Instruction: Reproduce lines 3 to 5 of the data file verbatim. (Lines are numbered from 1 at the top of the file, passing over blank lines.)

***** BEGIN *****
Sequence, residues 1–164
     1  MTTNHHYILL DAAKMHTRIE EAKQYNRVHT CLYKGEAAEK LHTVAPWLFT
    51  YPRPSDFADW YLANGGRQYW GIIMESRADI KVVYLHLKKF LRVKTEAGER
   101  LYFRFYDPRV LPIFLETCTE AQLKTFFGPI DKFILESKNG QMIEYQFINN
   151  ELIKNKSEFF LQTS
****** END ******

    51  YPRPSDFADW YLANGGRQYW GIIMESRADI KVVYLHLKKF LRVKTEAGER
   101  LYFRFYDPRV LPIFLETCTE AQLKTFFGPI DKFILESKNG QMIEYQFINN
   151  ELIKNKSEFF LQTS